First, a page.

Adolescents and young adults with a history of cancer may seem prepared to handle anything that comes their way and want to move on with their lives. Unfortunately, too often what gets left behind is cancer survivors’ commitment to engaging in long-term follow-up care. As their recommended annual appointment rolls around, they may not be motivated to take it seriously when they’re asymptomatic and feeling fine.
Harnessing the power of big data and machine learning as a digital crystal ball, 2019 Research Scientific Symposium Keynote Speaker Olga Troyanskaya, PhD, showed the audience how her lab is delving into biochemical activity in the vast non-coding regions of the genome to make predictions about genetic variants’ causal connections to rare diseases and complex common disorders.
A professor at the Lewis-Sigler Institute for Integrative Genomics and the Department of Computer Science at Princeton University, Dr. Troyanskaya wants to find the meaning in the mountain of information genomic databases have compiled in recent years. While each single-nucleotide variant associated with a disease is a stepping stone, she encouraged researchers to reach a greater understanding of specific variants’ function, their effects on gene expression, and how they may influence disease risk and pathophysiology.
By Barbara Drosey
You’re a renowned pediatric plastic surgeon with a novel idea: a noninvasive solution to correct infant ear deformities that can save a child from potential self-esteem and functional issues. After creating a simple prototype of a molding device, you know you’re on the right track, but what are the next steps to ensure this solution reaches the right patients?
By Nancy McCann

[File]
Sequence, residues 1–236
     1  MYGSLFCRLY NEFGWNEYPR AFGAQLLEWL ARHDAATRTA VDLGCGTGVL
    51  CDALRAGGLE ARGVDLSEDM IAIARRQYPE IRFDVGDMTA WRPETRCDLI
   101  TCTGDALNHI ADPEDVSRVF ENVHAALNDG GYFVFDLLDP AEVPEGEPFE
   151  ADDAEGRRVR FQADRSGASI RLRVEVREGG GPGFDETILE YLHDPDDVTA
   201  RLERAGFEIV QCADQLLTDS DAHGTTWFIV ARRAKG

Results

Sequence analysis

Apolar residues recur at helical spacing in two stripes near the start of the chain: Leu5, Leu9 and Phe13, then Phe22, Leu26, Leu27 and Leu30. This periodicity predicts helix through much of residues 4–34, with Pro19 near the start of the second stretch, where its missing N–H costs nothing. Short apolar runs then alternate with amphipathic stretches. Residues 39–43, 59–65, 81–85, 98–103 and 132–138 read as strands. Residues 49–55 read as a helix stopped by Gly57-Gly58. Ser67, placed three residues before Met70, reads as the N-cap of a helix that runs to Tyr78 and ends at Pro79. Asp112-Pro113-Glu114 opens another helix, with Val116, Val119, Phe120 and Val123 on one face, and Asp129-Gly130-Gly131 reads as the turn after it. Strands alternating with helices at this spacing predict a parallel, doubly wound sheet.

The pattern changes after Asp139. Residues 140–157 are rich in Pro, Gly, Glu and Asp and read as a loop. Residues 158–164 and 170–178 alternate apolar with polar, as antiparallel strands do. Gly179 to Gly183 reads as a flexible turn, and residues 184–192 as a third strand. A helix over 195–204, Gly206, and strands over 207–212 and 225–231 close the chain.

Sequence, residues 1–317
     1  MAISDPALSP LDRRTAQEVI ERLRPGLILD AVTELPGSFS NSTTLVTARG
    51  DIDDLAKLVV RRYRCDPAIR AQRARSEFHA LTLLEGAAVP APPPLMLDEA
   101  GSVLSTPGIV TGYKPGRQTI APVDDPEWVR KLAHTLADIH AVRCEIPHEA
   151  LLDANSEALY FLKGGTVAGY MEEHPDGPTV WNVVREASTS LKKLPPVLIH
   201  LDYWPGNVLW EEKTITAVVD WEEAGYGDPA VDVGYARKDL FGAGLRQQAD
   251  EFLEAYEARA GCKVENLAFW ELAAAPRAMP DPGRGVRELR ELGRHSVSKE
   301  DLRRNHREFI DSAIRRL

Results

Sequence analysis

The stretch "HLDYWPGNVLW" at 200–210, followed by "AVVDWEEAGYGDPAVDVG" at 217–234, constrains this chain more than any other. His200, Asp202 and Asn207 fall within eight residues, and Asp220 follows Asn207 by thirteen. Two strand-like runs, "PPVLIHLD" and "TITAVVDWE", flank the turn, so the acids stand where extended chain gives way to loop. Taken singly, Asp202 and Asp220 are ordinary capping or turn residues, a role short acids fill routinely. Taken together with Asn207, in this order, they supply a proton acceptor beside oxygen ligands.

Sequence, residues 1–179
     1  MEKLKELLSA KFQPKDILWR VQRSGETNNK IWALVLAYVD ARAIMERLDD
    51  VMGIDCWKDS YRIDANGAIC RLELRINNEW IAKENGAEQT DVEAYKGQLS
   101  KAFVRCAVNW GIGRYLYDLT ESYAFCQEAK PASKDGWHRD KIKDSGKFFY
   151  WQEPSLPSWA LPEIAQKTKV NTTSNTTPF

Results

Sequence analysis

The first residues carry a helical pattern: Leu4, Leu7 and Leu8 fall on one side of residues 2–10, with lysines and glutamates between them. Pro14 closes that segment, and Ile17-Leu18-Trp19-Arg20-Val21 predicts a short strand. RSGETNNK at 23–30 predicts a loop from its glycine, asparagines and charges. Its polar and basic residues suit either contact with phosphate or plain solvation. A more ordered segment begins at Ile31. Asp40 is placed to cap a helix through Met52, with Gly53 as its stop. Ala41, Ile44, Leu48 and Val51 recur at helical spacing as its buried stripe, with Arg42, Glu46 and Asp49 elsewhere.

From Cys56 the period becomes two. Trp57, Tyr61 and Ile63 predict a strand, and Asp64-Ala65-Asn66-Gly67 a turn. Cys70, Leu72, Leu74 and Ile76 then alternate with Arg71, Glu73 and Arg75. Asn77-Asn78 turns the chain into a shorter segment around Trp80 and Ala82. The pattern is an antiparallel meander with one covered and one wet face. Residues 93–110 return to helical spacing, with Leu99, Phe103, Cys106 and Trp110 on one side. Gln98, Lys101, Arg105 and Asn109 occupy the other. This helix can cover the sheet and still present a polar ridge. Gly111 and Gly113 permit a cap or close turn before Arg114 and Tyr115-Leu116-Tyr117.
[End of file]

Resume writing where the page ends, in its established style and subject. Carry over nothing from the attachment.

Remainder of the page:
Happy unofficial start to summer 2019! If you find yourself looking for something good to read on the beach, in the backyard, or floating on a boat, here you go. Discover which Children’s Hospital of Philadelphia docs and researchers have been in the news recently. We’re covering the risk of repeat concussions, a best method to screen for food insecurity, and a newly discovered causative gene for severe childhood epilepsy.
By Jillian Rose Lim, Barbara Drosey, Sharlene George, and Nancy McCann
Researchers exchanged big ideas about big data at the 2019 Scientific Symposium, an event that brought together the bright minds of our Children’s Hospital of Philadelphia research community. A lineup of thought-provoking speakers from CHOP and the University of Pennsylvania shared presentations corresponding with the symposium’s themes, “Big Data” and “Today’s Discoveries and Tomorrow’s Possibilities.”
“The goal [of this symposium] is to highlight the tremendous advances by CHOP investigators in the booming fields of computational biology, data science, and genomics,” said Yi Xing, PhD, chair of the event and director of the Center for Computational and Genomic Medicine at CHOP.
By Jillian Rose Lim